.

Massapequa Park Woman Winning Fight Against Rare Cancer

Jessica MacKenzie tells of her brave fight and works to spread awareness.

A 20-year old Massapequa Park woman is relieved this holiday season to be free of cancer after being diagnosed with a rare form of stomach cancer.

Jessica MacKenzie's doctor first told her she had the cancer in June, a rare form called hereditary diffuse gastric cancer (HDGC).

"I kind of took it really hard," said the graduate of Farmingdale High School. "I became really depressed and worried. It was looming over my head."

The news was also unwelcomed by MacKenzie's mother Jane, "Heartbreaking, but not a surprise," she said.

That's because the MacKenzies discovered this cancer runs in the family. Their first clue was when Jessica's 43-year old aunt died of gastric cancer in 2010.

"A 43-year old woman dying of stomach cancer is a huge red flag that something is up with the family," Jane said.

HDGC is rare around the world, according to the American Society of Clinical Oncology (ASCO) with less than 1 percent of Americans diagnosed. According to the ASCO, southeast Asia countries including China and Japan and Central and South America has the highest reported rate of gastric cancer.

"We sent her to (college) last spring and she lost a ton of weight. She was very, very depressed.  She started to withdraw from people and activities," her mom said.

Jessica withdrew from Virginia Tech University and, on the recommendation of her doctor, Jessica was planning to have a prophylactic gastrectomy at age 25. The preventive procedure involves removing the stomach.  However, it meant that Jessica would have needed to carry the burden for another five years.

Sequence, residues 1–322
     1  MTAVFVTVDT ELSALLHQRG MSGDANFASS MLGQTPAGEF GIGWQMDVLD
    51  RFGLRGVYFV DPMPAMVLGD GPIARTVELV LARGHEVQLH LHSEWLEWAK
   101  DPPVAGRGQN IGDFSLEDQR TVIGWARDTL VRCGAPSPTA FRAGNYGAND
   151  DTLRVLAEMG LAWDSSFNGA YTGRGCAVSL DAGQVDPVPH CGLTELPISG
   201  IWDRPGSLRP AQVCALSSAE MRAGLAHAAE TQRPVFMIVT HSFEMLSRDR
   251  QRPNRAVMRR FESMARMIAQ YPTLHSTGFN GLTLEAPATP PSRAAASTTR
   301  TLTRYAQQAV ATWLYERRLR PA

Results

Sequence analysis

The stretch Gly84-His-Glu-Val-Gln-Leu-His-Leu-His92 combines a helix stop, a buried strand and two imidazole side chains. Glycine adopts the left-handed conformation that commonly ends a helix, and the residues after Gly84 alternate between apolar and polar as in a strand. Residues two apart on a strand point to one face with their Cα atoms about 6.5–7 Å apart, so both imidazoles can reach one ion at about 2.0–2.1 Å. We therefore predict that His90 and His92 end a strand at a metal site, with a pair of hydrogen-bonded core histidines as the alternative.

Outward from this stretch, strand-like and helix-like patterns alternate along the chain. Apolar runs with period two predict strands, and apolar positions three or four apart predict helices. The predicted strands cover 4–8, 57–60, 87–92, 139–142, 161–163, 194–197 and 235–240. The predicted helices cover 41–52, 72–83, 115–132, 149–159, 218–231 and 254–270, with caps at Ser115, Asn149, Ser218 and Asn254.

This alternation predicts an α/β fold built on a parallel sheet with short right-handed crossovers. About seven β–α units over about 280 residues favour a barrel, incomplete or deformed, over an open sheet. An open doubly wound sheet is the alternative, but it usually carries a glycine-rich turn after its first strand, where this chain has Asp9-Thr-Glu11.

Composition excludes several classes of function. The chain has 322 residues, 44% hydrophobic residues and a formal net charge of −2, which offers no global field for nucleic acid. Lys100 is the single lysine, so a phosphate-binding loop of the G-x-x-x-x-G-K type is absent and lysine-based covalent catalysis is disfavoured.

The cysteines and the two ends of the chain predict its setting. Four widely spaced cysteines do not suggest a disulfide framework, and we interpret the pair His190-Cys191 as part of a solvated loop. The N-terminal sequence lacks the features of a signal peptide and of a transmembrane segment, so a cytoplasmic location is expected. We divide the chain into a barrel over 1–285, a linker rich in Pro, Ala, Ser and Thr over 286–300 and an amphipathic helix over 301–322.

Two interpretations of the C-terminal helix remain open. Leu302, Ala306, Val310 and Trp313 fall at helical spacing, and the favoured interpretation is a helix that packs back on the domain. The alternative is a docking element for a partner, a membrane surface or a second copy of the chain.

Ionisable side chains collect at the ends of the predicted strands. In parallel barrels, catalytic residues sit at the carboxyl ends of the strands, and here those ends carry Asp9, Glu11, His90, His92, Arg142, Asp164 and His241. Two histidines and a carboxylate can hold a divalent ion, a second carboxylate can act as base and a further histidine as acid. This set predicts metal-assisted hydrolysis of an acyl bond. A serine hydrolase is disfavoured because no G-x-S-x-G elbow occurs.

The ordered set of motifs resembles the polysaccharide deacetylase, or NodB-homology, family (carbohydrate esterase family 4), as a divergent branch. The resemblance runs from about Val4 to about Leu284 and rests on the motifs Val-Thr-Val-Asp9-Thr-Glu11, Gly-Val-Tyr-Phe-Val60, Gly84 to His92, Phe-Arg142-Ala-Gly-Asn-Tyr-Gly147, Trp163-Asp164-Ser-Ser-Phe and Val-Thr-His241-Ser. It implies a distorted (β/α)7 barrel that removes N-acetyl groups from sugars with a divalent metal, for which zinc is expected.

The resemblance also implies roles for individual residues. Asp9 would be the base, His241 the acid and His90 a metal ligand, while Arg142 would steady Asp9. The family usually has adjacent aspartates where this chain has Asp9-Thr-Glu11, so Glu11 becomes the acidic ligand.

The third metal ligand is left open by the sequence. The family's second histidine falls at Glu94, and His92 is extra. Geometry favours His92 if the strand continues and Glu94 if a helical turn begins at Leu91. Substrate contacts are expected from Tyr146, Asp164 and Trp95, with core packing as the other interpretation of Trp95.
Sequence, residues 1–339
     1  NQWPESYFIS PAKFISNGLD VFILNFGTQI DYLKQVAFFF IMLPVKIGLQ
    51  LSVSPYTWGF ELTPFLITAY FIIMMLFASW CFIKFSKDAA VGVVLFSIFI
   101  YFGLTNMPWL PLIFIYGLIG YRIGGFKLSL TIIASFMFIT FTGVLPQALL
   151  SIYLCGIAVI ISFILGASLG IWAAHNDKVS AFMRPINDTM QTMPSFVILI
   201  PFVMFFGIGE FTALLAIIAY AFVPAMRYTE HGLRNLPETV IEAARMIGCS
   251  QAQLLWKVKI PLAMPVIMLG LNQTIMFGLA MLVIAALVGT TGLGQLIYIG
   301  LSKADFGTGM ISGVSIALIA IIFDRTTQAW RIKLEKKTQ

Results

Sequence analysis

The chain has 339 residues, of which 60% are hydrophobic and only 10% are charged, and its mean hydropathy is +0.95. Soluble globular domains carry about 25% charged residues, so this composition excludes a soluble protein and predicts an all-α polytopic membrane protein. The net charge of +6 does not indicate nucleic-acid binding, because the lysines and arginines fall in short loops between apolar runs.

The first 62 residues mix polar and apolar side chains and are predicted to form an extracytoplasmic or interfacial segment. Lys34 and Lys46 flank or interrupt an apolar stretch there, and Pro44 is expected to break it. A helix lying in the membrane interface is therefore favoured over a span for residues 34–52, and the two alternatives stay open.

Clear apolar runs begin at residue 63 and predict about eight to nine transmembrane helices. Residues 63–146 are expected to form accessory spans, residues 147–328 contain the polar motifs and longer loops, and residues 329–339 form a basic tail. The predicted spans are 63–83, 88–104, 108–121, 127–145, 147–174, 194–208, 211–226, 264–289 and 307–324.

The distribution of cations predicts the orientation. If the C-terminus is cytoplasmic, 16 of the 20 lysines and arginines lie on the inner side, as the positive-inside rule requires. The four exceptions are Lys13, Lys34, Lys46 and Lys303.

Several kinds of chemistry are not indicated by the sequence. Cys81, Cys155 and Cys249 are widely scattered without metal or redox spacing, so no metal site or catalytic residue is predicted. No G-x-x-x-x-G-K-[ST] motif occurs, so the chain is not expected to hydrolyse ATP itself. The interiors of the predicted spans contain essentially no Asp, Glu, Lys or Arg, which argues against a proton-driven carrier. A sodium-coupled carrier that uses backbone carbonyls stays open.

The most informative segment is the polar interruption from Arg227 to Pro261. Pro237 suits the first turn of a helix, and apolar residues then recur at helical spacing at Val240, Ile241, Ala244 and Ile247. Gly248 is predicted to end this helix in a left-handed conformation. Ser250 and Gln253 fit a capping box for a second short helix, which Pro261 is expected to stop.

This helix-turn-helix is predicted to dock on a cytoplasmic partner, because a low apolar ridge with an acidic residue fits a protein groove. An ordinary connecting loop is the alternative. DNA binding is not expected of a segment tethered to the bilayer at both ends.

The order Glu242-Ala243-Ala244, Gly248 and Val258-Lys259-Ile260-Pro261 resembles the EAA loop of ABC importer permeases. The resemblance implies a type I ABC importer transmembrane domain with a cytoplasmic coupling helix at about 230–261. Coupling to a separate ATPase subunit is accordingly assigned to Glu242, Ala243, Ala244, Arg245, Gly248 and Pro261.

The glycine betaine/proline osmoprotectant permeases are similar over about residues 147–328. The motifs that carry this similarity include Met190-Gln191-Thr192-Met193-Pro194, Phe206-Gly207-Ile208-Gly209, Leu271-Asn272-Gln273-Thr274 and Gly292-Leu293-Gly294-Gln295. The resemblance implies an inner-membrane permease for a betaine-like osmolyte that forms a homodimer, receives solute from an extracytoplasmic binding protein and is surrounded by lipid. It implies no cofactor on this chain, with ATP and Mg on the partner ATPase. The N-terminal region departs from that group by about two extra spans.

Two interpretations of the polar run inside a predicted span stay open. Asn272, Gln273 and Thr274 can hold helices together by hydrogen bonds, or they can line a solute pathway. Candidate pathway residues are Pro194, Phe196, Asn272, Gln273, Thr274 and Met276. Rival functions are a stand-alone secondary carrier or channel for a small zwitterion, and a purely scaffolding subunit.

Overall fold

"I wouldn't be able to rest easy until this was all behind me," Jessica said.   Jessica decided to act quickly to have the cancer removed six months after her diagnosis. Doctors Sloan-Kettering Memorial Cancer Center in New York removed her stomach in November. They found 13 spots of cancer, but that the cancer hadn't spread to her lymph nodes.

The family is declaring victory. Jessica says she's cured: "I'm so relieved. I'm so happy. It's all behind me."

She is taking a year to recover and plans to return to Virginia Tech to continue her junior year in September. Jessica says she expects to live a normal life.

She'll need to watch her calories. A naturally petite woman, Jessica must make sure she eats enough to maintain her weight.

"I've been eating pretty constantly all day, which is fun because I love to eat," Jessica said.

Jessica hopes to provide inspiration to her 15-year old brother and provide him strength as he faces the same cancer. He has yet to get tested for the mutation.

Her story has also been an inspiration for other families who contend with genetic disorders. "So many people have contacted me asking for advice about genetic testing," Jessica said.

She and her mom even made bracelets over the summer to spread awareness of stomach cancer. Jessica has sold more than $7,000 worth for the charity she started called, "Beads for Bellies".  All proceeds go toward stomach cancer research.    

For additional information:

Jessica's Blog -- www.indigestibily.com

Jessica's Charity -- www.beadsforbellies.com

Additional Information: National Institutes of Health -- www.ncbi.nlm.nih.gov/books/NBK1139/

American Society of Clinical Oncology -- www.cancer.net/cancer-types/hereditary-diffuse-gastric-cancer

No Stomach for Cancer -- www.nostomachforcancer.org  

Boards

More »
Got a question? Something on your mind? Talk to your community, directly.
Note Article
Just a short thought to get the word out quickly about anything in your neighborhood.
Share something with your neighbors.What's on your mind?What's on your mind?Make an announcement, speak your mind, or sell somethingPost something
See more »